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Your Heartburn Is Actually A Neurological Problem

Your Heartburn Is Actually A Neurological Problem
February 19, 2011 Patrick Nemechek, D.O.

Heartburn is a very common problem that affects approximately 20% of the general public.  It is commonly associated with symptoms such as bloating after meals, belching, burning of the stomach or below the breastbone (sternum), bitter taste in the mouth and regurgitation of stomach acid.

Most people assume heartburn (otherwise known as GERD or gastroesophageal reflux disease) is a condition of excessive acid production.  This is understandable since we use antacids to decrease acid production and our symptoms seem to improve.

But in reality, heartburn is a neurological problem.  Patients with heartburn have excessive stomach acid accumulation not production. Acid accumulates because it is not being emptied correctly by the stomach.   Just as a sink will overfill if the drain doesn’t empty correctly, so will your stomach.

The poor emptying is also accompanied by an ineffective valve between the esophagus and the stomach that allows stomach acid to splash back up into the esophagus and results in the burning sensation in the chest, the regurgitation of acid and belching.

Your Intestinal Tract is A One-Way Conveyor Belt

The intestinal tract is in essence a one-way conveyor belt pushing your intestinal contents forwards.  Food should pass through the mouth into the esophagus, from the esophagus into the stomach, then through the small and large intestines and finally passed out the rectum.

If the intestinal conveyor belt slows down at all, we get symptoms such as food sticking in our throat or esophagus, bloating and acid build-up in the stomach, abdominal cramps (such as in Irritable Bowel Syndrome) or constipation.

The poor functioning of the stomach is because your autonomic nervous system is not working correctly.

Heart Burn and the Autonomic Nervous System

A number of research papers demonstrate that abnormal functioning of the autonomic nervous is responsible for the poor emptying of the stomach as well as the ineffective lower esophageal sphincter (the valve between the esophagus and stomach) that allows acid to abnormally splash backwards into the esophagus.

Briefly, the autonomic nervous system is a portion of your nervous system that controls all the organ functions of your body.  It helps the bladder to empty, helps maintain proper blood pressure to the brain, regulates the sweating of our skin, coordinates erection and ejaculation as well as coordinates the muscles and valves that push the contents of our gastrointestinal tract forward.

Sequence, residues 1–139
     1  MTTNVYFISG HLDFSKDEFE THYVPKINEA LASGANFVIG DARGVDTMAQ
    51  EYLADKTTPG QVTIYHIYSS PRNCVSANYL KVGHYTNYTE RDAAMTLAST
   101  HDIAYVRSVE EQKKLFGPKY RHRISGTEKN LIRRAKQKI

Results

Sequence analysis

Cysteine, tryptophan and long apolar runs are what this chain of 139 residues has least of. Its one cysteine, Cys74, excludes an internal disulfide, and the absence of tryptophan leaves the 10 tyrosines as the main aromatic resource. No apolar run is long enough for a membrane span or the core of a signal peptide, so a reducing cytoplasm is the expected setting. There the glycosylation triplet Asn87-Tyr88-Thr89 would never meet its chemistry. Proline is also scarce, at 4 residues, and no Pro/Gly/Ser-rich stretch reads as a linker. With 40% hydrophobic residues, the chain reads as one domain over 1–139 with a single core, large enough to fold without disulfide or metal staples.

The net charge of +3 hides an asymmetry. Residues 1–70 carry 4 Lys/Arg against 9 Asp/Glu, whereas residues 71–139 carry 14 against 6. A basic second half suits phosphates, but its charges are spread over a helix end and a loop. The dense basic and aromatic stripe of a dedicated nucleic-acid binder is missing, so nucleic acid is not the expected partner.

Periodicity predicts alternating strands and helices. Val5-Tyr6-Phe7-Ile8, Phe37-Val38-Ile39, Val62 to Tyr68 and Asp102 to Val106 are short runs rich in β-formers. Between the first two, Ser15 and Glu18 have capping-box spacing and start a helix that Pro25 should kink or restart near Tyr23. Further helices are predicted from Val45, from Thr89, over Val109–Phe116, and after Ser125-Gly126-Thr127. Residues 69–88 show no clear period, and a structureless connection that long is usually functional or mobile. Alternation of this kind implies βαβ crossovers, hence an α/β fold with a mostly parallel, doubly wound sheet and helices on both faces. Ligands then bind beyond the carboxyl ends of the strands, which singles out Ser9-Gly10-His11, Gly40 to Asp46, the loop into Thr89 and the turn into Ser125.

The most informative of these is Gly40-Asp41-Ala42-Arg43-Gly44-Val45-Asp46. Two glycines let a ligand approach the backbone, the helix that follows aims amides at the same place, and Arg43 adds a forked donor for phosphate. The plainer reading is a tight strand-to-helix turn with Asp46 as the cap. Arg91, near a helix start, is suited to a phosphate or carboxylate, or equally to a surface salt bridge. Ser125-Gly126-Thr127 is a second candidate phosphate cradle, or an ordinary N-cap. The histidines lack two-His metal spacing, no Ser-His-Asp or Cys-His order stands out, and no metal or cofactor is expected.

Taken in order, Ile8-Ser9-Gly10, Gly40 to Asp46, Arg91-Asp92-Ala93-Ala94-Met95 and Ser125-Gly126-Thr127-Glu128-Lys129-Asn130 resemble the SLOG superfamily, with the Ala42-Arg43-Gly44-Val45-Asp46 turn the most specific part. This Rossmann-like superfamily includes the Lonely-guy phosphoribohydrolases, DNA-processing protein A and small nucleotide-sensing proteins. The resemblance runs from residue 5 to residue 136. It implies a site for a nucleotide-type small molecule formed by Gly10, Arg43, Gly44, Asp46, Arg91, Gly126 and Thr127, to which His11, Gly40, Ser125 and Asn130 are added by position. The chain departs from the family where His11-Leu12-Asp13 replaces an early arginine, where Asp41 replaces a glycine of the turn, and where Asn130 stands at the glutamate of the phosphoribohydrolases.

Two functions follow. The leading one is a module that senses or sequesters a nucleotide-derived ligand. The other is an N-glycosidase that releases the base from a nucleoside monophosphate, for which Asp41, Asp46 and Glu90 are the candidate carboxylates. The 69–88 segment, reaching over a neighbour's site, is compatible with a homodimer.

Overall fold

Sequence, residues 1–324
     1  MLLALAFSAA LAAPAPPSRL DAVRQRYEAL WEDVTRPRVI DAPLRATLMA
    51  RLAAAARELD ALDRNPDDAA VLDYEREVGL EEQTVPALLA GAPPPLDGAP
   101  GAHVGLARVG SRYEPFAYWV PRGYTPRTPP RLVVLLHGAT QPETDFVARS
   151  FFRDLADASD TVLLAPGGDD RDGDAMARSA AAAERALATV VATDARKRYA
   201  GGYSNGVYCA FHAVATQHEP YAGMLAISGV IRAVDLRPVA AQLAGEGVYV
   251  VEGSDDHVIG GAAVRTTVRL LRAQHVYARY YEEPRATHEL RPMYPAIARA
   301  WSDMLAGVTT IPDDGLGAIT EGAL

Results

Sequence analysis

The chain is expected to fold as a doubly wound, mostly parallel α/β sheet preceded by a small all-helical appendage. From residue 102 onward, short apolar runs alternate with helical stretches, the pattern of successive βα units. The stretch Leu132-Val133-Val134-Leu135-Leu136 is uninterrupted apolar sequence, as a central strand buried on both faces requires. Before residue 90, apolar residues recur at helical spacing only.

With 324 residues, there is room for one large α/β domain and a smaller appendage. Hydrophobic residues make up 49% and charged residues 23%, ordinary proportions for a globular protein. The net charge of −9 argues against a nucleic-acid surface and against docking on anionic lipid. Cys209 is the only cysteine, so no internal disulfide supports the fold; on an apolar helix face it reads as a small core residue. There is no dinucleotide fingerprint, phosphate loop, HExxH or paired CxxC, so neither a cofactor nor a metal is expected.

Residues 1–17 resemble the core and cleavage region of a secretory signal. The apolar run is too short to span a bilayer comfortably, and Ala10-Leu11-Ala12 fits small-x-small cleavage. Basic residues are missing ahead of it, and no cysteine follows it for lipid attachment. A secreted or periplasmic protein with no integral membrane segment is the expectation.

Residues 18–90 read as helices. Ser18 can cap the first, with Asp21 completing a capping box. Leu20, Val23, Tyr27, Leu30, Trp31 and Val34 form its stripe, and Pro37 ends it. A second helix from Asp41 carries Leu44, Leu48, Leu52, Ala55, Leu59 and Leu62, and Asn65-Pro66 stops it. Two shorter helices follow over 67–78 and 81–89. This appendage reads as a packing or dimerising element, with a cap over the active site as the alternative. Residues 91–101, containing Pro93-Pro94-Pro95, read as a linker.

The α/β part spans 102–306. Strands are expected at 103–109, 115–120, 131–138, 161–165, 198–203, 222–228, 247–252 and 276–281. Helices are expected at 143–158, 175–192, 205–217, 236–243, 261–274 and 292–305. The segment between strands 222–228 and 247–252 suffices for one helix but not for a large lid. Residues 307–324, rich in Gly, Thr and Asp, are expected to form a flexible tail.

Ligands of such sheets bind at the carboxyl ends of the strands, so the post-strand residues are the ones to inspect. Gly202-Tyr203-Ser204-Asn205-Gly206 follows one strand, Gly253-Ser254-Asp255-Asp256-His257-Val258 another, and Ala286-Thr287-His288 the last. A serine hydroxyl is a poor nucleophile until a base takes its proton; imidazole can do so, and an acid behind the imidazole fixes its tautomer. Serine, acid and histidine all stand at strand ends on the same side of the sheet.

When the autonomic nervous system starts to act abnormally, the emptying function of the stomach is slowed.  The stomach still produces normal amounts of acid but since the stomach motility slows the acid essentially overfills and causes us to feel the symptoms of excess acid we associate with heartburn.

Carbohydrates and Autonomic Dysfunction

There is accumulating evidence that the excessive amount of carbohydrates in our diet is damaging our autonomic nervous system and resulting in problems such as heartburn.

As I’ve written before, the carbohydrates seem to be responsible for the development of insulin resistance and diseases such as diabetes, high blood pressure and heart disease.   The damage to the autonomic nervous system seems to precede the development of insulin resistance.

It seems the sequence of events surrounding carbohydrate toxicity unfolds as follows:

  1. Consume excessive amounts of carbohydrates for many months to years.
  2. Carbohydrates cause your autonomic nervous system to operate erratically.
  3. Insulin resistance develops with continued excessive carbohydrate consumption.
  4. Diseases such as diabetes, high blood pressure, gout, heart attacks or strokes follow after progressive worsening of insulin resistance.

Lower Your Carbohydrate Intake to Reverse Heartburn

It strikes some patients as overly simplistic to say that if you reduce your carbohydrate intake, your heartburn will be greatly reduced within a few weeks and you probably won’t need any more antacids within 1 month.

Fortunately for you, it is this simple.

I have my patient reduce their carbohydrate intake (all sugars and starches) intake to less than 100 grams per day to reverse their heart burn.

Not only does their heart burn get better but so does their diabetes, high blood pressure, gout, sleep apnea, bladder irritability, lightheadedness and erectile dysfunction.

Give it a try for a month and I know you’ll feel better than you have in a long time and you won’t be needing to take that expensive Prilosec, Protonix or Nexium any longer.

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